In her role as Assistant Editor at Thomson Reuters, Shannon Eden has found that she’s not only able to draw on the skills she learnt on her Creative Writing course, but ﬁnds that her job is also having a positive impact on her own writing.
To succeed in the creative arts, it’s not enough simply to complete a degree in the area of your practice. You must be willing to get out into the world, make contacts, and ﬁnd opportunities to develop your art in real-life contexts.
Like many History students, Karen Van Eker came to university aspiring to become a History teacher and, after graduating with excellent grades, won a highly sought after place on Edge Hill’s PGCE programme.
Far from being the humourless, dour puritans of popular imagination, the Victorians were actually proliﬁc jokers, according to pioneering research by Edge Hill History lecturer, Dr Bob Nicholson.
Harriet Hirshman started her undergraduate degree knowing little more than that she wanted to write, and left with an ambition to be a short story author while pursuing a career in publishing.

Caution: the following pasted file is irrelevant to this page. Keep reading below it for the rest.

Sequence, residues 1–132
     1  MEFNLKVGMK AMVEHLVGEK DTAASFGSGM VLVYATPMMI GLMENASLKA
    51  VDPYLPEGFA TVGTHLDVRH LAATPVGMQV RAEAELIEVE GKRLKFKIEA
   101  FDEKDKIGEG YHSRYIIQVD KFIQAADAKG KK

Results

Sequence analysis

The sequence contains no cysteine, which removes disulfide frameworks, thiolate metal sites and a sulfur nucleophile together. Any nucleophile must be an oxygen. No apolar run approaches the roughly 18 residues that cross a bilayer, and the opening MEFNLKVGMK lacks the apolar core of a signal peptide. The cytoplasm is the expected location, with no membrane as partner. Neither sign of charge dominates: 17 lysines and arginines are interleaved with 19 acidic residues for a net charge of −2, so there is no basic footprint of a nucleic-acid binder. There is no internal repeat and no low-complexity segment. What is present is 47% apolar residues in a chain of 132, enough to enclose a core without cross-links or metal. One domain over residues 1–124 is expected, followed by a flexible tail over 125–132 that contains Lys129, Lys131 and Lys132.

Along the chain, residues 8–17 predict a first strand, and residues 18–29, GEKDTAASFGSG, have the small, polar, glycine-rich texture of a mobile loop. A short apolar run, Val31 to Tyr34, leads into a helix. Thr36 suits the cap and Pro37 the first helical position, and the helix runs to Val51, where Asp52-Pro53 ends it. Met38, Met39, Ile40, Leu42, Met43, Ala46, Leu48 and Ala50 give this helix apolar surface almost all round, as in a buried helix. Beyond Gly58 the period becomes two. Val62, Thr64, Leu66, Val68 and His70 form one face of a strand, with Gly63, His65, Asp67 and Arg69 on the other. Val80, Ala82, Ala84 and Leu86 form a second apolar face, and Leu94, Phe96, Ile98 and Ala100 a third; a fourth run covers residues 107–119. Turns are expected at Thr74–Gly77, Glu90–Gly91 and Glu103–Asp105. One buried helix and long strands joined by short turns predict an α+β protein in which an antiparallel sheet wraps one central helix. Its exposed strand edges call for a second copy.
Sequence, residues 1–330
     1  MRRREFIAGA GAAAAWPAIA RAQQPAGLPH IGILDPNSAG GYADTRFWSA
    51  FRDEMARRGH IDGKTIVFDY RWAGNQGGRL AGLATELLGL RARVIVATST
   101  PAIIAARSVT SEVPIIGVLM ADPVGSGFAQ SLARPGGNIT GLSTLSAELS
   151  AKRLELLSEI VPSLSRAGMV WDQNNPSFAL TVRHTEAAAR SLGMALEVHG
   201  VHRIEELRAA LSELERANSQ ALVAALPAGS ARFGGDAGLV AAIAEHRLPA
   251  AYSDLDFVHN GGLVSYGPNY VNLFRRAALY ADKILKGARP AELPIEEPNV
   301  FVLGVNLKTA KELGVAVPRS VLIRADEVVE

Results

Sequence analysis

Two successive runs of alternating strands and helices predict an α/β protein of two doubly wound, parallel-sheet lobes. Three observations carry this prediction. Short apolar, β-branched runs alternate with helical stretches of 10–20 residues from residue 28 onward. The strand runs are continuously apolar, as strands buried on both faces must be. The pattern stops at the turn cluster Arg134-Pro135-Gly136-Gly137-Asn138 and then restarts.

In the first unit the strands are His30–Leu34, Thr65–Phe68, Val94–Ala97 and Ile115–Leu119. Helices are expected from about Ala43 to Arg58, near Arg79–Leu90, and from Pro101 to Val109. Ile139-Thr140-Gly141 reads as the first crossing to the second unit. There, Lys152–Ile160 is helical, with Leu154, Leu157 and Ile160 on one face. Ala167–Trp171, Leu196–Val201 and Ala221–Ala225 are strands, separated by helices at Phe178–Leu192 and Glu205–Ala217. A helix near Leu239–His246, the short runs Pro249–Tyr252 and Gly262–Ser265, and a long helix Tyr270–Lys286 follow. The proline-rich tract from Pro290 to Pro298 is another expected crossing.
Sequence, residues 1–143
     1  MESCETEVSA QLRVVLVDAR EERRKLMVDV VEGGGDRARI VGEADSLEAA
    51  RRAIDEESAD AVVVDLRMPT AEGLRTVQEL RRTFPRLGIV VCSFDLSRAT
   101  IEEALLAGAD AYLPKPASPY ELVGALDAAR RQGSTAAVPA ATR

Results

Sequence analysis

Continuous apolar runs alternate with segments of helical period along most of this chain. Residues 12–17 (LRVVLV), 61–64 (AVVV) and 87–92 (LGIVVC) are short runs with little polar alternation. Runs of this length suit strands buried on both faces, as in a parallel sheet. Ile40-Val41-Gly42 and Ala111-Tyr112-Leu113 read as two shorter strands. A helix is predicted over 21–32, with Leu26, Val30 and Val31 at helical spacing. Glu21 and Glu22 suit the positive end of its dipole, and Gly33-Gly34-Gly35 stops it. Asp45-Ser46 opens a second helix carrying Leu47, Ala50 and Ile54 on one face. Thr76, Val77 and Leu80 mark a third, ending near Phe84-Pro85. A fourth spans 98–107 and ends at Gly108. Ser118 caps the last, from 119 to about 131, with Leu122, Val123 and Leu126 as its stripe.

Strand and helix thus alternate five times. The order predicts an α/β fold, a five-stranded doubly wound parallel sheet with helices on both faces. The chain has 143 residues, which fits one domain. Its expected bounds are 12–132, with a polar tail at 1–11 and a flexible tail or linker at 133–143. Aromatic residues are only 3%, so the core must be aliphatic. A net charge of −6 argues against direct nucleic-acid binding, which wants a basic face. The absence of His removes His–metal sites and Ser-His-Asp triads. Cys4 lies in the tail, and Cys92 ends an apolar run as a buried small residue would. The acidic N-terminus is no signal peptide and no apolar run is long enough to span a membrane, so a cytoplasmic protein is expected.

With graduate employers increasingly looking beyond qualiﬁcations for evidence of workplace experience, the History Department launched a new module to give its students the best chance possible in a highly competitive job market.
The University’s literary imprint, Edge Hill University Press (EHUP), gives students an authentic taste of working in the publishing industry, while developing the skills they need to impress future employers.
Since graduating, Bill Bulloch has worked hard to keep his creative momentum going and use the skills he learnt on his course in a practical and employable way.
One of the biggest challenges of any aspiring writer is balancing the need to write and the desire to live a comfortable life.
Emily knew she wanted a career in HR but felt her English degree was too broad to give her the speciﬁc skills she needed for her chosen ﬁeld.